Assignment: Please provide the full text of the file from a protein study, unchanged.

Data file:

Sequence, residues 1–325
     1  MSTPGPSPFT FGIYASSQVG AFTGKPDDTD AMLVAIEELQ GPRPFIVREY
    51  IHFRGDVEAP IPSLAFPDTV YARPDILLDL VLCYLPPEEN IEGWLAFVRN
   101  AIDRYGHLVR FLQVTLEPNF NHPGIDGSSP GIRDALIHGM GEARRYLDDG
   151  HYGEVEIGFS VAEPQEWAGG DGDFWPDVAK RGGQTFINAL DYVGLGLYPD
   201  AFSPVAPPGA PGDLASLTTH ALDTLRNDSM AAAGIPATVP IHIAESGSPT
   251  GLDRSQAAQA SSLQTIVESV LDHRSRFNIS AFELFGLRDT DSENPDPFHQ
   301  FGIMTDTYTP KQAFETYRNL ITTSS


Sequence, residues 1–325
     1  MSTPGPSPFT FGIYASSQVG AFTGKPDDTD AMLVAIEELQ GPRPFIVREY
    51  IHFRGDVEAP IPSLAFPDTV YARPDILLDL VLCYLPPEEN IEGWLAFVRN
   101  AIDRYGHLVR FLQVTLEPNF NHPGIDGSSP GIRDALIHGM GEARRYLDDG
   151  HYGEVEIGFS VAEPQEWAGG DGDFWPDVAK RGGQTFINAL DYVGLGLYPD
   201  AFSPVAPPGA PGDLASLTTH ALDTLRNDSM AAAGIPATVP IHIAESGSPT
   251  GLDRSQAAQA SSLQTIVESV LDHRSRFNIS AFELFGLRDT DSENPDPFHQ
   301  FGIMTDTYTP KQAFETYRNL ITTSS